In an effort to try to stem the tide of recent anti-government demonstrations, President Nicolás Maduro ordered national police to unblock roads in Venezuela’s western Táchira state where students and other protestors have set up barricades over the past three weeks.
Specifically, Maduro ordered security forces to ensure the free flow of traffic in San Cristóbal, the state capital, and neighboring Táriba.
Táchira is the birthplace of the current wave of nationwide anti-government protests, which ignited in early February when students at the University of the Andes in San Cristóbal took to the streets to protest deteriorating security after the attempted rape of a female student on campus. It brought the opposition into action, whose leaders organized large marches across Venezuela on February 12 to demand Maduro step down because he has been unable to provide better measures to tackle crime and solve the food-shortage crisis, as well as being unwilling to let up on the repression against students and the opposition.
A strong government force on Monday took up positions in Táriba, a colonial town situated in the Andes near Táchira. The roadblocks set up by protestors have made life in Venezuela’s Andean region much slower than normal, making it more difficult for locals to get from one place to another.
But there are two sides to the story behind the violent events that occurred on Monday. Earlier in the day, residents fed up with the barricades decided to begin removing them on the road connecting San Cristóbal and the nearby town of La Fría. In the distance, explosions and gunshots were heard while a group of motorcyclists began revving their engines. Some vehicles were set on fire, and a group of journalists from Spanish state broadcaster TVE were taken by an unknown group of people and held inside a building.
Residents fed up with the barricades decided to begin removing them
Authorities refused to rescue the reporters after residents in the building began throwing rocks and bricks from the upper floors. The crew was later released.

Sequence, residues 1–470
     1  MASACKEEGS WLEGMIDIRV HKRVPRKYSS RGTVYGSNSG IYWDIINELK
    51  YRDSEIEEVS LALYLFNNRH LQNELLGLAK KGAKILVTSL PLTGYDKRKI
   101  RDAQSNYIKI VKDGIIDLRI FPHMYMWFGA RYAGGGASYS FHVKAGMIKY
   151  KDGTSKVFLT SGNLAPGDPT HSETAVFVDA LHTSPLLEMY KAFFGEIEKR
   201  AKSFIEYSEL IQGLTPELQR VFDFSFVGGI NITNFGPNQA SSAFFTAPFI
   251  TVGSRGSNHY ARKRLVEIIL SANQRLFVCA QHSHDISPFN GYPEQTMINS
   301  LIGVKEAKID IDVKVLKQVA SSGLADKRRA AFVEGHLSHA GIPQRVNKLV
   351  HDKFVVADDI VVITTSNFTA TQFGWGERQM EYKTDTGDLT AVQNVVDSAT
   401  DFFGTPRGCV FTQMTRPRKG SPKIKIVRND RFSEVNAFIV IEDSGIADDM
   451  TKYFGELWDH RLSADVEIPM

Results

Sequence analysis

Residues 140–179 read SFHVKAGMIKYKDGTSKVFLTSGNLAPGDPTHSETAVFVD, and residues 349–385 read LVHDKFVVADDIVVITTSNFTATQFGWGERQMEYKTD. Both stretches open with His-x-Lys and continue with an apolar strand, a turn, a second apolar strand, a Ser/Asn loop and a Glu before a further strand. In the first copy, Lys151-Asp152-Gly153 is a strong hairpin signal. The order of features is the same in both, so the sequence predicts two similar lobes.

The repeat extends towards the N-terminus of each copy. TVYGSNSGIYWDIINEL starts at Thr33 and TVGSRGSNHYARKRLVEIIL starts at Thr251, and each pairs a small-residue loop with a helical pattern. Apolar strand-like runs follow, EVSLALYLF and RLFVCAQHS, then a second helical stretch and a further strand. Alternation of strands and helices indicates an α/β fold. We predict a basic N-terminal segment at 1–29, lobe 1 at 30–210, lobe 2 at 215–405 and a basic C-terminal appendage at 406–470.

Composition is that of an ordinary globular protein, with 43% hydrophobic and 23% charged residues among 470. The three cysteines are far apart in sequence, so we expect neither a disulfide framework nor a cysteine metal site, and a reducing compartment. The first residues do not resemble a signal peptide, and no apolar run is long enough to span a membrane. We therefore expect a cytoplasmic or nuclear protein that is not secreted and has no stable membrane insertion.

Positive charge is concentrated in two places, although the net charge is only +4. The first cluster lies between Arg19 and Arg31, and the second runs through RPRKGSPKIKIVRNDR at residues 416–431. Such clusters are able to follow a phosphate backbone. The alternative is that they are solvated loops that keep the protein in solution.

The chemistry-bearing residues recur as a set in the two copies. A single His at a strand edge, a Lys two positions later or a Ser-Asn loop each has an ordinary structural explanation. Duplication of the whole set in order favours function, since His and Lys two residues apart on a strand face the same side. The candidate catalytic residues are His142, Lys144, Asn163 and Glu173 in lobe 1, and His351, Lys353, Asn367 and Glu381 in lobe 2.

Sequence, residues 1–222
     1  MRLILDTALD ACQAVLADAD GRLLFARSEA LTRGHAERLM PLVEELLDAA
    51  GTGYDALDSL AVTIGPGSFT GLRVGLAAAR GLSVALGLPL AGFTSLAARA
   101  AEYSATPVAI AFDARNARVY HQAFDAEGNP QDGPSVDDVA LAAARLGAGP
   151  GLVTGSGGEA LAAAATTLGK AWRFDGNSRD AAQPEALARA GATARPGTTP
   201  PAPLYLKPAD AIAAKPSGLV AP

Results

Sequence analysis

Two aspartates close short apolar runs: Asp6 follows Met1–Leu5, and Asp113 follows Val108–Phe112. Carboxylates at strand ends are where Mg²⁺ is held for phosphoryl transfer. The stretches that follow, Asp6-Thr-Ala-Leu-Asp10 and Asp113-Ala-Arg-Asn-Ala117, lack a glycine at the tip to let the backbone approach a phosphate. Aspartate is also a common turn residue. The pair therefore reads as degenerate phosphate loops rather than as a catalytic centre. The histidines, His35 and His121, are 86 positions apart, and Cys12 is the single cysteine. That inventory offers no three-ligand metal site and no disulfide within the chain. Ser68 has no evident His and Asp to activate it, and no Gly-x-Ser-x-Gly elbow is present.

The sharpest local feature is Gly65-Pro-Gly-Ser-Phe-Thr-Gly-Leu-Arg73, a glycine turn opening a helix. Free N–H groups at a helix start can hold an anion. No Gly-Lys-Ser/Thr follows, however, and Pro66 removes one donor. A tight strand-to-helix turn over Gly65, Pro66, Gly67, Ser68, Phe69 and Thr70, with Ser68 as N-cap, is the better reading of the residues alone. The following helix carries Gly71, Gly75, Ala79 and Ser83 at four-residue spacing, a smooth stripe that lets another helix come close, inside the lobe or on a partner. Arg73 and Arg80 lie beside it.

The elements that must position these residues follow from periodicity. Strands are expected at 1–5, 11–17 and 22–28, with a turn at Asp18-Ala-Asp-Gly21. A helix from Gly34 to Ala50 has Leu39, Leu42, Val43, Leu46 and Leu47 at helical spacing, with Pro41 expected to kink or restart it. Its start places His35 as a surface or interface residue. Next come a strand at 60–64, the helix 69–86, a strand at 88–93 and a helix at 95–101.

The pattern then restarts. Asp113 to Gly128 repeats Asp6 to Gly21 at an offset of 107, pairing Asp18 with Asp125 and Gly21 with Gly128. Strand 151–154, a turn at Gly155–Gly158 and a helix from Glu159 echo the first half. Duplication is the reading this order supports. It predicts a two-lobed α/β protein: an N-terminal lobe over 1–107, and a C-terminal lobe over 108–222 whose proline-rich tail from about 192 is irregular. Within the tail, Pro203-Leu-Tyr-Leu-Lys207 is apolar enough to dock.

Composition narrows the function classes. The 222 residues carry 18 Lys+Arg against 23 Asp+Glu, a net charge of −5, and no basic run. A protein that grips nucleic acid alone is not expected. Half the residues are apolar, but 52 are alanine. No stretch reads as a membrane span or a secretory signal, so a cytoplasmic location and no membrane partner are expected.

But the government took advantage of the chaos to free up the roads and streets.
Táchira state governor José Gregorio Vielma Mora, who is a member of Maduro’s Socialist Party, has warned demonstrators that the roadblocks were creating massive food shortages because delivery trucks have been unable to reach supermarkets and other distribution points.
By nightfall, government troops tried to take an opposition stronghold neighborhood in San Cristóbal. While some barricades were removed, the students held their ground while the police withdrew their troops.
Governor Vielma said the police would be called out on to the streets again on Tuesday to ensure public transportation is operating properly.
It isn’t surprising that Táchira has become a hotbed of resistance. Last year, residents, who are affectionately known as “gochos,” came out heavily in support of opposition candidate Henrique Capriles in last April’s presidential elections. “Welcome to the ‘gocho’ resistance,” said Wilmer Ramírez, a well-known sports journalist in the state.
It isn’t surprising that Táchira has become a hotbed of resistance
The term, which is also used by Venezuelans to describe the non-conventional, independent nature of those who live in the Andes, is also applied to the natives of nearby Mérida and Trujillo states. Some Venezuelans find humor in the characterizations, which they also connect to some of the controversial historic leaders who were born in that region.
It was from here that Cipriano Castro rose to power at the end of the 19th century to initiate his so-called Liberal Restoration Revolution. Venezuela’s cruelest dictator, Juan Vicente Gómez, who ruled from 1908 to 1935, and Marco Pérez Jimenez, the country’s last dictator who governed from 1948 to 1958 and died in exile in Madrid in 2001, were also from this region.
Since the protests began, opposition forces and students have been working together to resist any attempt by the government to break their solidarity. In fact, neighbors have allowed medical interns and nurses loyal to the cause to use their homes to treat the injured so that they can avoid arrest if they are taken to the hospital.
The government is fully aware of this strategy, but the political cost for Maduro would be high if he tries to send in troops to raid these makeshift clinics.
The protests in San Cristóbal have grown from a student-run operation to a mass movement involving all social classes in the Andean city. San Cristóbal Mayor Daniel Ceballos said the Maduro government has not been able to understand what these uprisings are all about.
“These protests are not organized by paramilitaries, nor are they being organized by the sons of Álvaro Uribe,” Ceballos said in reference to the former Colombian president, whom Maduro has accused of having a hand in the unrest. “They are being led by citizens who are tired of shortages, the lack of security and the economic policies of the government.”